Here is the reason why:
Diamond’s cut is what defines its brilliance, fire, sparkle, and overall appeal. An ideal cut can create a sparkle that can hide inclusions and mask undesirable colors. And that’s another loophole in the diamond world to find value for money.
But do not confuse diamond’s Cut with a diamond shape. The cut is the symmetry, proportion, and polish. On the other hand, the diamond shape is the outline shape of the diamond as you observe it from the top down.
It is a diamond’s cut that determines how brilliant a diamond is. It defines the angle and how light bounces off each facet. Imperfect diamond cuts leak light resulting in a dull appearing diamond.
An ideally cut diamond has a seamless proportion, perfect symmetry, and excellent polish. Facets and dimensions are purposefully cut to maximally internal reflect light.
Aesthetically, Cut makes a significant impact on beauty—the better the cut, the more brilliant the diamond. That gives Cut a higher priority in diamond—get the best cut you can. With a perfect cut, you can afford to down a bit of the other Cs.
What’s more, an ideal cut can make a diamond appear large, and a poor cut can waste the carat weight.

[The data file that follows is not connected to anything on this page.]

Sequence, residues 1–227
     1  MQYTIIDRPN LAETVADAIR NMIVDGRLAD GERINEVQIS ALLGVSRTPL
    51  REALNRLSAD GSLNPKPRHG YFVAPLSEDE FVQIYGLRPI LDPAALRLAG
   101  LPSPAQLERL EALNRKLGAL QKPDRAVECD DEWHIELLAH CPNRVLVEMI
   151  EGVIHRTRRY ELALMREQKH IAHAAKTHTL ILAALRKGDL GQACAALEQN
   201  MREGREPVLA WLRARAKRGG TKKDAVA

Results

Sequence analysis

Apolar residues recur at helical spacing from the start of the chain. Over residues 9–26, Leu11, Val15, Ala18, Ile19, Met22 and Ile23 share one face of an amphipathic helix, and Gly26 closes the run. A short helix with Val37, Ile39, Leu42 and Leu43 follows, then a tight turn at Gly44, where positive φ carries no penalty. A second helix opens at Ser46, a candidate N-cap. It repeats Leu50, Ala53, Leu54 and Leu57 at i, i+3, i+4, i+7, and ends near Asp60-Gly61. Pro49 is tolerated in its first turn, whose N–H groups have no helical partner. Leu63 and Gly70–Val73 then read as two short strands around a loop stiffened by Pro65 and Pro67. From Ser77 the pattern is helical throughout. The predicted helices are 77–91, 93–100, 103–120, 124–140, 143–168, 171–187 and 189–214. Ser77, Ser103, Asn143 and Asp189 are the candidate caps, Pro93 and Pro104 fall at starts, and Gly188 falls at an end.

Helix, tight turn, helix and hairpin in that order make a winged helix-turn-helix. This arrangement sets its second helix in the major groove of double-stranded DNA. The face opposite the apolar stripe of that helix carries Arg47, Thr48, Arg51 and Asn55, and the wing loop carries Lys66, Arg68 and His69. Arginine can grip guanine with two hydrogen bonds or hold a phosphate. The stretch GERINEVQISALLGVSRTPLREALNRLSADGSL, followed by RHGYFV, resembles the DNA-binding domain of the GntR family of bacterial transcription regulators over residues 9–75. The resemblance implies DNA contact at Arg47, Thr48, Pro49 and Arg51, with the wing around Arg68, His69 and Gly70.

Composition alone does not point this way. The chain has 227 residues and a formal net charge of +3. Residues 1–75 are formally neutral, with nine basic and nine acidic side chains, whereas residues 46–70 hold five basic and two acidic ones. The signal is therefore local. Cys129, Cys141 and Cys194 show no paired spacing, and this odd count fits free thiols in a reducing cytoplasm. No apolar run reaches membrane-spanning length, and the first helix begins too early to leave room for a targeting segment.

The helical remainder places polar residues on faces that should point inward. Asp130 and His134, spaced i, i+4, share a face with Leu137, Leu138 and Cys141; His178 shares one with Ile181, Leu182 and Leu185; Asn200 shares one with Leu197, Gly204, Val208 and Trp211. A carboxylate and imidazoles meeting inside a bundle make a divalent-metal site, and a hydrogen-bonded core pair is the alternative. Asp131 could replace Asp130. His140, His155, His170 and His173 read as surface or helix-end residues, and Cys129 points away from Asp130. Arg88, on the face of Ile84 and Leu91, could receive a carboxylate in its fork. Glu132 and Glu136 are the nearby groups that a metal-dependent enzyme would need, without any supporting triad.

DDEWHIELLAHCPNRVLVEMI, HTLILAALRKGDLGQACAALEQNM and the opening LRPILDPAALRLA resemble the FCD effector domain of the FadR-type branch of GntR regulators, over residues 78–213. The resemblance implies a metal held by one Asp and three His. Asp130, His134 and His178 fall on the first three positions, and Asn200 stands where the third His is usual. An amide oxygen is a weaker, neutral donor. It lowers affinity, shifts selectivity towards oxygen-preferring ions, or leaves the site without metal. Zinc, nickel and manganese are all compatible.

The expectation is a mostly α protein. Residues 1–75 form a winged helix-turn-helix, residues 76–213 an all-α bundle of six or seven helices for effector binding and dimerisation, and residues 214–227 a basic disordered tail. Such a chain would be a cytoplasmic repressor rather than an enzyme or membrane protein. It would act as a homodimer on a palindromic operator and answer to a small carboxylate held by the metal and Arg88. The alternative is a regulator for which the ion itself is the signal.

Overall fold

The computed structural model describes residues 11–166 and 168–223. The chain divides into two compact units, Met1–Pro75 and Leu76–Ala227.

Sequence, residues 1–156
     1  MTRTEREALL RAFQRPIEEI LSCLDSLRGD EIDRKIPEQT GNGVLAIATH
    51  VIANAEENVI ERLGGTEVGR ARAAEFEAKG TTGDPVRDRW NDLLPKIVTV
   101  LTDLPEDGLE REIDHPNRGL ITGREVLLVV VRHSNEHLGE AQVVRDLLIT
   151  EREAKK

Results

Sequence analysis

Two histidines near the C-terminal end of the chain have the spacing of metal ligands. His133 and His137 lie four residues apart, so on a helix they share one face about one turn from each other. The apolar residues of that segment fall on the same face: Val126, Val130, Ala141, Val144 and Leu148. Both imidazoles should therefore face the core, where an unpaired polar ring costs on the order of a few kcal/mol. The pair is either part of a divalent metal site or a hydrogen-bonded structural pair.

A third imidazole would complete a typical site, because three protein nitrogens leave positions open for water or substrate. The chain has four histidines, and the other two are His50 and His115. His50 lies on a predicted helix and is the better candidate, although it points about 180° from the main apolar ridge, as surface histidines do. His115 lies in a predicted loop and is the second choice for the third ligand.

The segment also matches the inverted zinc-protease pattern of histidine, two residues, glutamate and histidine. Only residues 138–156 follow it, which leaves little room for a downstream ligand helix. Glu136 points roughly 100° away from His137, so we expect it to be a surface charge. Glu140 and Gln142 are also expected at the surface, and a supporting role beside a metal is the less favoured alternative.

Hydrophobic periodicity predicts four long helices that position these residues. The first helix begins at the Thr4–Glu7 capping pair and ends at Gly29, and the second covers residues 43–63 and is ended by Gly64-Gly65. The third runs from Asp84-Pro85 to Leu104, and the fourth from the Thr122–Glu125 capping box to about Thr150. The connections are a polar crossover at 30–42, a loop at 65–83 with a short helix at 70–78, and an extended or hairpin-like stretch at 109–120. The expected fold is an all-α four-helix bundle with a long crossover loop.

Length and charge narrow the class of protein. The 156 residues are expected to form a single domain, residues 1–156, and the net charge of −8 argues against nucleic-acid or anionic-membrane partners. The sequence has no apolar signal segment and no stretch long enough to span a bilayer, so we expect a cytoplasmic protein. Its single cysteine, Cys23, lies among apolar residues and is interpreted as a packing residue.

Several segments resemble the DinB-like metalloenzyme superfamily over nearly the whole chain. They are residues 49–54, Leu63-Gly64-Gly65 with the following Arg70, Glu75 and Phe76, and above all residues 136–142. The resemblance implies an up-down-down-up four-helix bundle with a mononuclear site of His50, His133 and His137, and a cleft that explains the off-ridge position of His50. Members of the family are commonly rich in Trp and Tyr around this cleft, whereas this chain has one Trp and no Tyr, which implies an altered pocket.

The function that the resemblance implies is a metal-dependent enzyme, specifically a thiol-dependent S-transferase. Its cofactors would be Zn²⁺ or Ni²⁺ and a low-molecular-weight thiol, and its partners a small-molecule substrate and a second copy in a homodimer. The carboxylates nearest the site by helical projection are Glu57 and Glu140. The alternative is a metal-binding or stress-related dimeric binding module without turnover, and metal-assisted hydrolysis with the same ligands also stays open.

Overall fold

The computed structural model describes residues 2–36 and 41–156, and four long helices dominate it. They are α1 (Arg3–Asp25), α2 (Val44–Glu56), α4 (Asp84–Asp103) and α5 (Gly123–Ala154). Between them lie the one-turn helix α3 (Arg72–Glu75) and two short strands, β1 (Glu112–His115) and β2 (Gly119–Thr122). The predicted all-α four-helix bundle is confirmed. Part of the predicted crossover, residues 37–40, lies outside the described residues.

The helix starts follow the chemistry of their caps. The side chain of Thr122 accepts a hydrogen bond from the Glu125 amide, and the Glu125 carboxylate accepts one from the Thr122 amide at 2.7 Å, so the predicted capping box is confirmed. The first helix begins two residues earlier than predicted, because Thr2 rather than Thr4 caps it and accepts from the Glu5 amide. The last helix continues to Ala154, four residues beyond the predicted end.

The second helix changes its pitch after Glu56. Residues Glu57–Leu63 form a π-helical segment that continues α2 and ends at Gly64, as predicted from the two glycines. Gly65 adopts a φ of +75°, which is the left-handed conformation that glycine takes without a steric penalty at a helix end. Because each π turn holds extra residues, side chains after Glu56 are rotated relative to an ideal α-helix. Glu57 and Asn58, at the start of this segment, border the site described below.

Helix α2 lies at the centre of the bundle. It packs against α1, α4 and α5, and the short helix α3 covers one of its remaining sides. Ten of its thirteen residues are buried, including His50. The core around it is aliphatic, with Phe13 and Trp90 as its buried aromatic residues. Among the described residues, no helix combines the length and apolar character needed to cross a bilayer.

As you'll notice, there is quite a jump between an excellent cut and more on super ideal cut.
Diamond’s Color–How Crucial is It?
Folks believe that color and brilliance affects how brilliant a diamond can be. But here is the fact:
The two has nothing to do with the diamond’s brilliance. However, diamond color still has some impact on the overall beauty of a diamond.
Color is the slight yellow hue in a diamond. The color ranges from D (totally colorless) to Z (yellow/brown tint). However, most retailers don’t sell any diamond less than K.
Totally colorless diamonds are exponentially rare and thus come at a premium price. Most diamonds have a slight yellow hue, which mostly the naked eye cannot detect.
The price difference from one color to the next is wildly staggering. But here is the thing:
It is difficult to tell between colorless, and almost colorless diamond. So there is no point in splurging on something with no visible difference
To get the best value of your money, you can consider going with color H. H is typically viewed as the inflection point between a slightly noticeable hue in a diamond and colorless diamonds. Most people can hardly differentiate.
H is a sure bet. And it is preferable to have a diamond with J color with an excellent cut rather than a Fair grade cut diamond with color H.